A best practice for developer security (and end-user security, for that matter) is to develop and run software using the least privilege necessary to get the job done, and no more (see Writing Secure Code, 2nd Edition for more information on Least Privilege). This includes how you log into your workstation. Too many developers and users use an account with administrative privileges on a day-to-day basis, leading to increased exposure to security problems, as well as potentially difficult to track bugs in their programs.
A better solution is to run using a non-admin account for day-to-day use. This approach is more secure, but brings with it some additional challenges. One such challenge is debugging ASP.NET applications. If you’re logged in as an Administrator, this is easy…it just works. To debug ASP.NET applications using a low-privileged account, you need to do a little setup work. The steps provided here are detailed in an article in the MSDN Library (http://msdn.microsoft.com/library/en-us/vsdebug/html/vxgrfaspnetdebuggingsystemrequirements.asp).
In order to debug ASP.NET applications under Visual Studio 2003, you need to either be a member of the Administrators group (not a best practice) or be a member of the Debugger Users group, and have the ASP.NET worker process running under your user credentials.
Note that on Windows 2000 and Windows XP, running the ASP.NET worker process (aspnet_wp.exe) under your own account requires that you put your user credentials in the machine.config file for the machine where you’re debugging. As such, you should consider the security implications carefully and decide if they are appropriate for your environment. You could, for example, create an account whose sole purpose is developing and debugging your applications to prevent anyone who has access to machine.config from accessing your main user account. On Windows Server 2003 with IIS 6, you can use the IIS Manager to change the identity of the ASP.NET worker process (in this case, w3wp.exe), so you are not required to store the credentials for the desired account in a clear-text file.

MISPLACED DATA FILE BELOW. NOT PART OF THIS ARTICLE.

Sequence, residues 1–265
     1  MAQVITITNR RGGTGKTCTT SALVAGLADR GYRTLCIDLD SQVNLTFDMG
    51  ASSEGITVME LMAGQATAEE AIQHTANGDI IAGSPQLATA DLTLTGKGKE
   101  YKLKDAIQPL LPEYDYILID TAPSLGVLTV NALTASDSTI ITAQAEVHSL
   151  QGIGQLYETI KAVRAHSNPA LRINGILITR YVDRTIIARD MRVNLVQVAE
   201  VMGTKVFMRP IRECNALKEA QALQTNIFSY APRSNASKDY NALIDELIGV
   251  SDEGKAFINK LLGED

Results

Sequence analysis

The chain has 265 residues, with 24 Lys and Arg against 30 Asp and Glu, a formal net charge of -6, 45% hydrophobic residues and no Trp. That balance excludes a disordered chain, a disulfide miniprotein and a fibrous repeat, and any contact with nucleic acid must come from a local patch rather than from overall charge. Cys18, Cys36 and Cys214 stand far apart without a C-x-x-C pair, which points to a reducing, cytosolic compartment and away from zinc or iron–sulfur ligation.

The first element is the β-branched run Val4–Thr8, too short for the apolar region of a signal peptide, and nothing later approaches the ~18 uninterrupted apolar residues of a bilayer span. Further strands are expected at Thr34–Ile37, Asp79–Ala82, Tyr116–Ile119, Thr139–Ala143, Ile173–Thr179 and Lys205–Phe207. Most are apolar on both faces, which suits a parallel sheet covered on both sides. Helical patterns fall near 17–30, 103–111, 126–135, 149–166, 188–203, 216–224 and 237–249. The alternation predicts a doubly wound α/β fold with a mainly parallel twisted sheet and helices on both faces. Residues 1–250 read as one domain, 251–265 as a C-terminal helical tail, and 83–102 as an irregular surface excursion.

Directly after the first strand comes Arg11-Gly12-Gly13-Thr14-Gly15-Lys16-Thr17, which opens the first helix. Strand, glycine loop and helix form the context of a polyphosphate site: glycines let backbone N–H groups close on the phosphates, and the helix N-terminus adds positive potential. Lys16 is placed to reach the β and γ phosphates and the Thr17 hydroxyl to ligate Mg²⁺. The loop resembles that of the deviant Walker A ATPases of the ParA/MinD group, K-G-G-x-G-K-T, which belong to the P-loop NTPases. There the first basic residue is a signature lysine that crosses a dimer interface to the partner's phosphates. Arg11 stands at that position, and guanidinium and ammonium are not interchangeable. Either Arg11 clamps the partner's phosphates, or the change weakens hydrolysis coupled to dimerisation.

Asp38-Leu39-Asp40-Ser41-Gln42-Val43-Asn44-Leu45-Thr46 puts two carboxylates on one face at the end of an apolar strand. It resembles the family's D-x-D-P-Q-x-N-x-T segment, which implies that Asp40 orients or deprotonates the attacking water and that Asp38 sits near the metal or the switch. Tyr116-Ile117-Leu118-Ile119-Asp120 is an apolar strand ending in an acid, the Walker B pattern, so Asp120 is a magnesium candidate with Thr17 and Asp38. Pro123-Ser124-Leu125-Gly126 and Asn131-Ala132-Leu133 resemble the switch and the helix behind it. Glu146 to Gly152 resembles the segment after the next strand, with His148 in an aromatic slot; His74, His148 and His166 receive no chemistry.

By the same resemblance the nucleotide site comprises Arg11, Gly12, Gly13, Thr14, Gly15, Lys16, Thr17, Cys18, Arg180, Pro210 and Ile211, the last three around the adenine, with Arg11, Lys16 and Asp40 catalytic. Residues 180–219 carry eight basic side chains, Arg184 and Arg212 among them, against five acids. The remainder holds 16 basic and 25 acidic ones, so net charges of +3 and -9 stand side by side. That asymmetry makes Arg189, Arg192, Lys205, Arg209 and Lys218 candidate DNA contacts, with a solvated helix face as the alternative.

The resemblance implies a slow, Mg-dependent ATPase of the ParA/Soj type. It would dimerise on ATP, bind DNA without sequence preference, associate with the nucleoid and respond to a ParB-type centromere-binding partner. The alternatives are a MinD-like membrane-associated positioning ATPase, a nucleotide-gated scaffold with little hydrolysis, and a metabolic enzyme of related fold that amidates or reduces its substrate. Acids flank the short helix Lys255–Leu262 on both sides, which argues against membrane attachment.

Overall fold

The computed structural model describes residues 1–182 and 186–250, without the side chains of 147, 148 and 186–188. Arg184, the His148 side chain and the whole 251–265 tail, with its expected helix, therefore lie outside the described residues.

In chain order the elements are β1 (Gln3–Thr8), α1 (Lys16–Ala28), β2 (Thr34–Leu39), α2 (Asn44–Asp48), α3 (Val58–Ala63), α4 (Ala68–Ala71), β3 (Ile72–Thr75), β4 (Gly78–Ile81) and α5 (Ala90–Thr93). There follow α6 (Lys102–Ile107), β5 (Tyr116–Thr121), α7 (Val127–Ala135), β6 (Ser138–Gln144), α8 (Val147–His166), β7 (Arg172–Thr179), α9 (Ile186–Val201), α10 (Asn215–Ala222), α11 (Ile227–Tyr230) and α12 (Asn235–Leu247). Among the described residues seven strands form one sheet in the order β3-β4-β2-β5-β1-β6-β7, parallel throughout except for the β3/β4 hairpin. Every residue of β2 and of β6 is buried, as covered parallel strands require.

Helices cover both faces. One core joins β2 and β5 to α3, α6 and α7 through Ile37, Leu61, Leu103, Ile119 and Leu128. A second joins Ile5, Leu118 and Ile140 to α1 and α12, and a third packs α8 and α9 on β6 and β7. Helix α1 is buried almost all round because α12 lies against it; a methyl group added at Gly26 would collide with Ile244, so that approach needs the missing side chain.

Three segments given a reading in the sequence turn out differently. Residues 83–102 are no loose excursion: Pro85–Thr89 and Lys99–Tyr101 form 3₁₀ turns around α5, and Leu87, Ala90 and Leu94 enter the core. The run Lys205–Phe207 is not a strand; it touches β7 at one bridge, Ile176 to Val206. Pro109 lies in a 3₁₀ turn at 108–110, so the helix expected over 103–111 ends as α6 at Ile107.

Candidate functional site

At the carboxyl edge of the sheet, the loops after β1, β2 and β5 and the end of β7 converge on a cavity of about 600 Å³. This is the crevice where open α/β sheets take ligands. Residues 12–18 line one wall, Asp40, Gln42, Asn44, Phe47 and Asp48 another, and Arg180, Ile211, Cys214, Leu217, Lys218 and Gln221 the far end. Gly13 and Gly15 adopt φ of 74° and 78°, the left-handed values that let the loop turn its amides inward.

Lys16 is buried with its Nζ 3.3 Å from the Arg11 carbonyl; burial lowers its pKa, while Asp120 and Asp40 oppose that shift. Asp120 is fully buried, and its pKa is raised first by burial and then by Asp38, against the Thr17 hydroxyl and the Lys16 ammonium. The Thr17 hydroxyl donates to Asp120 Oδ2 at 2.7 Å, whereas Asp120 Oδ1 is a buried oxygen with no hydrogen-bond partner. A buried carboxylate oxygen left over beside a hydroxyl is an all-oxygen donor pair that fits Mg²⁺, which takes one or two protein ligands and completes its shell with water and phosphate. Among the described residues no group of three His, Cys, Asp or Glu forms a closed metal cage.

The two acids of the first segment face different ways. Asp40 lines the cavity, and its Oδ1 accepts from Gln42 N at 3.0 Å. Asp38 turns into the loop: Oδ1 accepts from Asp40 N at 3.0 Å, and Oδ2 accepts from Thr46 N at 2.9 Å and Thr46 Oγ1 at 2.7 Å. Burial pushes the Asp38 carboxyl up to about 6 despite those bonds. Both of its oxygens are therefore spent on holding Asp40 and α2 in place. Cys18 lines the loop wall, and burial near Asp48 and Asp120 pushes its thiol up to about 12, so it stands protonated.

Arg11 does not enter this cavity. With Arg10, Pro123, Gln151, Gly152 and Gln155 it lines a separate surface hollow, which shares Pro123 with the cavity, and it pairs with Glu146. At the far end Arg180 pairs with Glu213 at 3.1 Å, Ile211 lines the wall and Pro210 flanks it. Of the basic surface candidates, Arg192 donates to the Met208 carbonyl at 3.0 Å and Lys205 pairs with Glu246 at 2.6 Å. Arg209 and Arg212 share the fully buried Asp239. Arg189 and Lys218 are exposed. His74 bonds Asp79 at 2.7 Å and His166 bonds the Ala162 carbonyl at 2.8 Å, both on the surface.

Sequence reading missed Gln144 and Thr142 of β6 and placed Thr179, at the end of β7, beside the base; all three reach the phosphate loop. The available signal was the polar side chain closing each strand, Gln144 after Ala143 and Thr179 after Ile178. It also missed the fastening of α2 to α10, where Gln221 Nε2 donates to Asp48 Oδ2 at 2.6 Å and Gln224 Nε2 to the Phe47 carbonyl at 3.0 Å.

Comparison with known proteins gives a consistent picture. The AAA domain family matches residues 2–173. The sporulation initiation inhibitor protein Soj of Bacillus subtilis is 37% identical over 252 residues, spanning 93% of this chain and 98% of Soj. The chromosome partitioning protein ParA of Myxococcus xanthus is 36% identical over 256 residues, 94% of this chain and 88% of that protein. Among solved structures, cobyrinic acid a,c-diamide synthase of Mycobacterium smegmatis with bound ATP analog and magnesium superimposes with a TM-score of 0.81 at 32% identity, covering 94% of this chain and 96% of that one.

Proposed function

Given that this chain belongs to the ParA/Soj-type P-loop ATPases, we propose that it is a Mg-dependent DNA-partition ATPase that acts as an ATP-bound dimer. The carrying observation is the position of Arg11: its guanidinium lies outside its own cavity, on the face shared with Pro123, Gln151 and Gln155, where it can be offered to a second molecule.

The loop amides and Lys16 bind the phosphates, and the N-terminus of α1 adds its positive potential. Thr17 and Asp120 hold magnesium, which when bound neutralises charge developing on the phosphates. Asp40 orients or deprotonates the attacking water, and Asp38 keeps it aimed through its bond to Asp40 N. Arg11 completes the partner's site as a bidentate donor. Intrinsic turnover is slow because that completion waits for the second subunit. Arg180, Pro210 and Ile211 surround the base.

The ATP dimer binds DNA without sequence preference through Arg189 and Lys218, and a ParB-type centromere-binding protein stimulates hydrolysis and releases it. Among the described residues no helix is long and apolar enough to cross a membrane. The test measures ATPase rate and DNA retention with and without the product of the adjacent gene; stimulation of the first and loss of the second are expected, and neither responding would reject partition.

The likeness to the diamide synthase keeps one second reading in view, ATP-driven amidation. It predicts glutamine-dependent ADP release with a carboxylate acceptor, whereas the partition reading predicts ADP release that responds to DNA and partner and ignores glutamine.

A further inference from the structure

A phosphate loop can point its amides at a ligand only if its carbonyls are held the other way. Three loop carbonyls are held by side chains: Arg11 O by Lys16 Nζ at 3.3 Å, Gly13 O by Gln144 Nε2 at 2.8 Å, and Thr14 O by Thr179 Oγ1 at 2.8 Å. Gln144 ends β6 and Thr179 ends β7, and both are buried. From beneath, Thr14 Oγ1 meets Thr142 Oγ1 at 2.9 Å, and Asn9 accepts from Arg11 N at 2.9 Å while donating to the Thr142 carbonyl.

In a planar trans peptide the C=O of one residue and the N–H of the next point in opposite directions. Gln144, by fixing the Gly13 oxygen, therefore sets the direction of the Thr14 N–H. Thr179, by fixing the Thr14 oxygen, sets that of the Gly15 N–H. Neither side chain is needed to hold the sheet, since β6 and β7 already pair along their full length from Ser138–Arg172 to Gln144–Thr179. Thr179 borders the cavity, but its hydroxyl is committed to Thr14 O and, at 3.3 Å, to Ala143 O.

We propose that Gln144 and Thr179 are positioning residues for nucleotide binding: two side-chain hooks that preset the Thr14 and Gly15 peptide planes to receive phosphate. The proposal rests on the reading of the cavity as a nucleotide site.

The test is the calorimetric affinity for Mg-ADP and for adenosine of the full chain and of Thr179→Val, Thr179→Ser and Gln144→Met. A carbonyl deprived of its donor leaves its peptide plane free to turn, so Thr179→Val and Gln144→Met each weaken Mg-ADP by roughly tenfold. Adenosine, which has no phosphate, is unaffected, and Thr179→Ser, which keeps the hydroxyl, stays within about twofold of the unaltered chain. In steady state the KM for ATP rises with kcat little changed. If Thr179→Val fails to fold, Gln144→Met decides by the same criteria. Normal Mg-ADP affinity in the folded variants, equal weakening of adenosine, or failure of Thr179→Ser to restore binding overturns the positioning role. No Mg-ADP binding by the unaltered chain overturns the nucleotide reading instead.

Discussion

To run the ASP.NET worker process under a user account on Windows 2000 or Windows XP:
- Open the machine.config file, located on your machine in the CONFIG folder under the path where you installed the runtime.
- Find the <processModel> section and change the user and password attributes to the name and password of the user account you want aspnet_wp.exe to run under.
- Save the machine.config file.
- Find the Temporary ASP.NET Files folder, which should be in the same path as the CONFIG folder. Right-click the Temporary ASP.NET Files folder and choose Properties from the shortcut menu.
- In the Temporary ASP.NET Files Properties dialog box, choose the Security tab (if you don’t see the Security tab, you may need to turn off simple file sharing in Explorer).
- Click the Advanced button.
- In the Access Control Settings for Temporary ASP.Net Files dialog box, click the Add button.
- Enter the user name in the Name box, and then click OK.
- In the Permission Entry for Temporary ASP.NET Files dialog box, give the user full permissions, and then click OK to close the Temporary ASP.NET Files Properties dialog box.
In order to run the ASP.NET worker process under a user account in Windows Server 2003, you simply change the identity associated with the AppPool for that application, which you can find on the Identity tab of the Properties dialog for the desired AppPool in IIS Manager. Note that the account to be configured must be a member of the IIS_WPG group in order for the worker process to run, and must also be configured with the “Adjust memory quotas for a process” and “Replace a process level token” rights.
Of course, you can avoid all of this configuration by moving to Visual Studio 2005, which allows you to debug local ASP.NET applications as a non-admin without any need for configuration, thanks to its built-in lightweight web server. And best of all, if you’re an MSDN subscriber, you can download the beta now, and get the final version as soon as it’s available.